What was wrong or incomplete with Darwin's concepts have been corrected and expanded upon.

29 posted on 09/04/2006 10:07:12 AM PDT by b_sharp (Objectivity? Objectivity? We don't need no stinkin' objectivity.)
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To: jennyp
The vast majority of atheists, are in FACT religious. But rather than anchoring their religious faith in God they have anchored it in the State.

Atheists are overwhelming pro-comminist, pro-socialist and have a supreme faith in the supremacy of their minds vis a vis the complexity of the universe even though their intellect is typically inferior to the vast majority of the God-fearing world since they believe the State is the ultimate cure for evil, and this belief has been proven false time and time again by actual real world data.

As socialism has grown so has atheism in those particular nations, where socialism is still percieved as successful.

The growth of atheism has occured almost exclusively in wealthy socialist nations, with exception of Vietnam which is poor and extremely atheistic.

Atheism has not grown worldwide, only in particular industrialized nations.

Atheists do have faith, they believe in the State as God.

Thus they also satisfy the condition that the bel;ief in God is also a natural condition brought about by evolution as proposed by numerous scientific studies.

"Justin Barret (2004) has argued that belief in God is a result of the “way our minds are structured” (p.viii) and “the way human minds operate” (p.30). He argues that belief in God is “greatly supported by intuitive mental tools”(p.17) and is “an inevitable consequence of the sorts of minds we are born with” (p.91). Belief in God is “natural,” resulting from the “natural workings of the human mind,” and atheism is thus unnatural (p.108). David Wilson (2002) suggests that religion is part of humanity’s naturally evolving adaptive strategy, and that religious belief represents “the healthy functioning of the biologically and culturally well-adapted human mind” (p.228). Michael Persinger (1987) has stressed the role of the hippocampus, the amygdala, temporal lobes, and hormonal processes, in explaining religious belief in God. Ashbrook and Albright (1997) focus on the neural underpinnings and workings of the brain in explaining belief in God. Newberg and D-Aquili (2001) argue that the religious impulse lies in an evolved “neurological process” (p.9), that the roots of belief in God are to be found in “the wiring of the human brain” (p.129), and that “as long as our brains are arranged the way they are,” belief in God will remain (p.172)."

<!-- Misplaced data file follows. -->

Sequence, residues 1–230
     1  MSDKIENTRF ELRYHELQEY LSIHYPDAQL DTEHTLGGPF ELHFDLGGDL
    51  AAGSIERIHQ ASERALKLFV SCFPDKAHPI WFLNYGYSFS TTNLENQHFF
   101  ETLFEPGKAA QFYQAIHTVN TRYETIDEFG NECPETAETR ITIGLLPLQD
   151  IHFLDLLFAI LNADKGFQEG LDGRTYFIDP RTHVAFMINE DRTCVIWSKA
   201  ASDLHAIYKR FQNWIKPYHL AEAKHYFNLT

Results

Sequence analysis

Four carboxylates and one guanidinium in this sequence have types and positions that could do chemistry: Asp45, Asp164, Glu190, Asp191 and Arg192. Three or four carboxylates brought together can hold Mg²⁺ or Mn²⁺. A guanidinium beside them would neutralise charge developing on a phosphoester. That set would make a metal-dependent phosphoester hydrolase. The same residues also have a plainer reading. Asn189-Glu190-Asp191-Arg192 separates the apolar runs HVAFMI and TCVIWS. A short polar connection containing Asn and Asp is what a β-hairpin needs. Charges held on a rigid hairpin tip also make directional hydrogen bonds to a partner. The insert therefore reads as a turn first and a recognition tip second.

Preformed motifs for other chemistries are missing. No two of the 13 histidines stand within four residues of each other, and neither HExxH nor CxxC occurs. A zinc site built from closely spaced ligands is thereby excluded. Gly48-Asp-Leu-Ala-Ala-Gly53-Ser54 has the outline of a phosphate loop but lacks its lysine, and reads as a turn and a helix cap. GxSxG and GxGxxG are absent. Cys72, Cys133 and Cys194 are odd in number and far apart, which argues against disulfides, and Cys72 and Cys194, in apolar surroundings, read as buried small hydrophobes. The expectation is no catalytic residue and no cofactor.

Atheists prosper only in propserous nations where they can afford to be atheist. Those nations which allow atheists to prosper were overwhelmingly founded by Christians, God fearing people, who imparted their values into the core of the system which made it successul, even strong enough to bear up for a time under the increasing weight of socialist policies.